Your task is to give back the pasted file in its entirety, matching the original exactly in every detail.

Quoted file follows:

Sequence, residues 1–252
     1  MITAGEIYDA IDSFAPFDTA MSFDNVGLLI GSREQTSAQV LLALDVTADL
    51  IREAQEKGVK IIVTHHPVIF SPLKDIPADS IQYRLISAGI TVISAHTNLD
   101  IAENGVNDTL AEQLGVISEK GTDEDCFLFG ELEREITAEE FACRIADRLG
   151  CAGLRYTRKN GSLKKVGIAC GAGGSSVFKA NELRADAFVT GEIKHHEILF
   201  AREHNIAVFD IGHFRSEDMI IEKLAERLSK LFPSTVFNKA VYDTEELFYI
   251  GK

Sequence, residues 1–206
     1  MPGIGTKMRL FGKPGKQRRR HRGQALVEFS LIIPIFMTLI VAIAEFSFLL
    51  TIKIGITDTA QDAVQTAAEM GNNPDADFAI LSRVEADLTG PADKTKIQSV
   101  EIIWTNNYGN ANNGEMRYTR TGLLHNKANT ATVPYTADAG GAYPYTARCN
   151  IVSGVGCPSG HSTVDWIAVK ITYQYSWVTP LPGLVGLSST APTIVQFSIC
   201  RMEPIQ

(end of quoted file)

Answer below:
Sequence, residues 1–252
     1  MITAGEIYDA IDSFAPFDTA MSFDNVGLLI GSREQTSAQV LLALDVTADL
    51  IREAQEKGVK IIVTHHPVIF SPLKDIPADS IQYRLISAGI TVISAHTNLD
   101  IAENGVNDTL AEQLGVISEK GTDEDCFLFG ELEREITAEE FACRIADRLG
   151  CAGLRYTRKN GSLKKVGIAC GAGGSSVFKA NELRADAFVT GEIKHHEILF
   201  AREHNIAVFD IGHFRSEDMI IEKLAERLSK LFPSTVFNKA VYDTEELFYI
   251  GK

Sequence, residues 1–206
     1  MPGIGTKMRL FGKPGKQRRR HRGQALVEFS LIIPIFMTLI VAIAEFSFLL
    51  TIKIGITDTA QDAVQTAAEM GNNPDADFAI LSRVEADLTG PADKTKIQSV
   101  EIIWTNNYGN ANNGEMRYTR TGLLHNKANT ATVPYTADAG GAYPYTARCN
   151  IVSGVGCPSG HSTVDWIAVK ITYQYSWVTP LPGLVGLSST APTIVQFSIC
   201  RMEPIQ